Storrs is the creation of two people who firmly believed in the potential that the Santa Cruz Mountains held for truly great wine. Using their knowledge gleaned in years of winemaking at other operations and in their studies at UC Davis, Stephen Storrs and Pamela Bianchini-Storrs began their winery with the vintage of 1988. With the release of their very first wine – an excellent White Riesling they were capturing Gold Medals (at the prestigious San Francisco National Wine Competition, in this case).
When Steve attended UCD, he specialized in viticulture. Both Steve and Pamela agree that Steve's intimate knowledge of grapes is the key to much of their success. Pamela's emphasis (outside of dance) was enology and food microbiology… And like most Davis winemaking grads, she has carefully forgotten the “stuff” that seems to get in the way of good winemaking, and adopted a much more laissez-faire Burgundian approach that allows the wines to achieve their greatest potential. Their gift lies in their ability to blend wines that are a sum greater than its parts.
When they began, their case production totaled 1,200 cases. Over the years, they have steadily improved their facility and their equipment and now they have grown to a comfortable 12,000 cases, just right for two winemakers.
With the birth of their first child whose business card read, “Cellar & Rug Rat,” they have become a truly family-oriented company. Their three children represent the tenth generation of Storrs to be born in America. Samuel Storrs of Nottingham-cum-laude first arrived in Barnstable, Massachusetts in 1664. Yes, Storrs are related to Storrs, Connecticut where the Storrs eventually settled and where brothers Charles and Augustus Storrs gave the land for Storrs Agricultural School that later became UConn (Go Huskies!).
(vineyard in Santa Cruz Mountains)
Eventually, a branch moved north to found the hamlet of Hanover, New Hampshire. An Aaron Storrs was one of several founding citizens who gave land and was instrumental in the establishment of Dartmouth University at Hanover. Steve descends from those who settled in Hanover.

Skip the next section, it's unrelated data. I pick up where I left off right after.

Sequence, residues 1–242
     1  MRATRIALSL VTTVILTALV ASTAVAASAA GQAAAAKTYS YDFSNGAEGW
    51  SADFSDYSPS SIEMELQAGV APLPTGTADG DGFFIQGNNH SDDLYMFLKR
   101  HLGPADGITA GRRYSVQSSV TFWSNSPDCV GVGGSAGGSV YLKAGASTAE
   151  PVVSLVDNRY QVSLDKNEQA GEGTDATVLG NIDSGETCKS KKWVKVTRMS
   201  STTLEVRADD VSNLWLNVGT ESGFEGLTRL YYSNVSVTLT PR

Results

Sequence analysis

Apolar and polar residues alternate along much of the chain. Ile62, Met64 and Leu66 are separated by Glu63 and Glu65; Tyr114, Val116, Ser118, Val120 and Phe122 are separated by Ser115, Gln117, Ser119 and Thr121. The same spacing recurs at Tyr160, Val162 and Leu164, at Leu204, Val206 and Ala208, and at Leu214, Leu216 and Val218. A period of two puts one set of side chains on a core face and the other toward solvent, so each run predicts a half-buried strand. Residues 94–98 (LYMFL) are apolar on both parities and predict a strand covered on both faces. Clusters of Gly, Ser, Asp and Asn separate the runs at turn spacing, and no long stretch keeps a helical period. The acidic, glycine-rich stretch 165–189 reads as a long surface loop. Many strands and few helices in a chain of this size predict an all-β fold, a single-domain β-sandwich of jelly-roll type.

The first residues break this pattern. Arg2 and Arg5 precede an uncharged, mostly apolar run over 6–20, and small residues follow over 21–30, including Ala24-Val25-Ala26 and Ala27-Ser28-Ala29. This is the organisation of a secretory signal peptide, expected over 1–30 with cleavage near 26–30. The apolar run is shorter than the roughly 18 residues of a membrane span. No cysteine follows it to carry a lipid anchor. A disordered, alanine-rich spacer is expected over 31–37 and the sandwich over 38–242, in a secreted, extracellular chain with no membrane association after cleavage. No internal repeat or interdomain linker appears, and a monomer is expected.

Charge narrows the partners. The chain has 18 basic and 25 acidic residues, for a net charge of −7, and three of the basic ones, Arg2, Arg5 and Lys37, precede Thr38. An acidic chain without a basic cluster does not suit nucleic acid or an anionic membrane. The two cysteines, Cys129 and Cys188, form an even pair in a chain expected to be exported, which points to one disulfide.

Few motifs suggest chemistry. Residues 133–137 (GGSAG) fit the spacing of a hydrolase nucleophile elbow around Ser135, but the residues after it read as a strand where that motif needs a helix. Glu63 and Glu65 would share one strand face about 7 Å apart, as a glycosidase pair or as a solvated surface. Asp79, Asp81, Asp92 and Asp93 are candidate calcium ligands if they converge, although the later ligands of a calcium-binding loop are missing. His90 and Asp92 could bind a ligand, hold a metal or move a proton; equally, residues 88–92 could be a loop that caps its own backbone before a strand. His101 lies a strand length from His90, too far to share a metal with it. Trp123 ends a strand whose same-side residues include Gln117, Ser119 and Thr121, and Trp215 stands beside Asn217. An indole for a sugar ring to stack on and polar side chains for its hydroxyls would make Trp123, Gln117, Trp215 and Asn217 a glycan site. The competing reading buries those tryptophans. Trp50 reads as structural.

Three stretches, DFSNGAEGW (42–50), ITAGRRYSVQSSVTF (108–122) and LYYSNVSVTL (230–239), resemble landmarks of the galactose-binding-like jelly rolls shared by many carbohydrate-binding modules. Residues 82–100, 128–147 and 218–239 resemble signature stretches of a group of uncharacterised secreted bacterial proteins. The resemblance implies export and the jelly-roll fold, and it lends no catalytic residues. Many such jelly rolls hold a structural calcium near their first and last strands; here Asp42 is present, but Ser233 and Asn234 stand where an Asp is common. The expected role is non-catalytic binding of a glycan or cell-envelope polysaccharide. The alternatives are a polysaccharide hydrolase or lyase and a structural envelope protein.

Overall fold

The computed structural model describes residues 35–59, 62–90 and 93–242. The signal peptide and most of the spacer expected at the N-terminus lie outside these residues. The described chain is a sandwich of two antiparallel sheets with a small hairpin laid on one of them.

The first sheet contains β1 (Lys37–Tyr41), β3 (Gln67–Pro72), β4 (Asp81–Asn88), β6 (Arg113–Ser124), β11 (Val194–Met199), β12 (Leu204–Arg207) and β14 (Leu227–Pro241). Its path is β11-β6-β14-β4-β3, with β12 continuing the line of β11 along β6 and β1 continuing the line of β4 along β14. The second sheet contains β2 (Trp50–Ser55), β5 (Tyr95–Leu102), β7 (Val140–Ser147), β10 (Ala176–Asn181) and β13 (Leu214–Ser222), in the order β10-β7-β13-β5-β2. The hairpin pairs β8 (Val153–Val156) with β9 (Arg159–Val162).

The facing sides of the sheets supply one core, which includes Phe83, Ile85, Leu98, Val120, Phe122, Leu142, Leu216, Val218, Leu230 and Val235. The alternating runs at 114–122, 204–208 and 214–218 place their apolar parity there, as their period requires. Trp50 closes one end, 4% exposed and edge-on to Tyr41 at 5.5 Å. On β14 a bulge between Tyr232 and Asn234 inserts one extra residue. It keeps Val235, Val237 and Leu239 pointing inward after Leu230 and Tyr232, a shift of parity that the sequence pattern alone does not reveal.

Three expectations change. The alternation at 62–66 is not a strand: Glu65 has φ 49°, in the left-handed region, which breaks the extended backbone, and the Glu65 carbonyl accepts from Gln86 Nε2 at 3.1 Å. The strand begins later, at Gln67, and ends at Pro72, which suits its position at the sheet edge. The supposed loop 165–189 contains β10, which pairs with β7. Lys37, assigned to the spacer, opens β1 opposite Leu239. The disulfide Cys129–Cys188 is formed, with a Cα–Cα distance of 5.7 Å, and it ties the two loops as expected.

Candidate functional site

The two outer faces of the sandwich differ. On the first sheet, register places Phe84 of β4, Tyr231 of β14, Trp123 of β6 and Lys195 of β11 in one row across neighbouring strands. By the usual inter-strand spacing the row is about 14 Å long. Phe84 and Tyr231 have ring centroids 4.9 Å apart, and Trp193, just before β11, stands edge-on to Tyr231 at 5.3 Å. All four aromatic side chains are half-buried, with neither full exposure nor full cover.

Pamela's background is mostly definitely Tuscan. Her Nonno (Italian grandfather) hailed from Montecatini di Terme and Nonna (grandmother) from Lucca, Italy. Her mother was born in California where Pamela's grandfather made the family's wine each fall including during the years of Prohibition. Pamela still has the special government permits that her grandfather obtained from the Department of the Treasury which allowed the production of 200 gallons of table wine strictly for family consumption during those dark days. Pamela credits her Nonno for giving her the determination to be the first woman in the family to graduate from college and for encouraging her interest in enology.
In 2001, Steve and Pamela realized their long-held dream when they purchased 50 acres in the Pleasant Valley district of Corralitos on the southwestern slopes of Mount Madonna. Since that day, they have slowly been converting the farm to sustainable/organic practices. Today, they organically farm three acres of heirloom Newtown Pippin apples which are sold to a local CSA (community-supported agriculture) farm share program and Martinelli's apple juice of Watsonville. In the spring and early summer of 2007, they planted their first 10 acres into selected Pinot Noir and Chardonnay clones and in time will expand their plantings to over 15 acres. In this endeavor, they are working to preserve wildlife corridors and habitat for the numerous animals that call Pleasant Valley their home.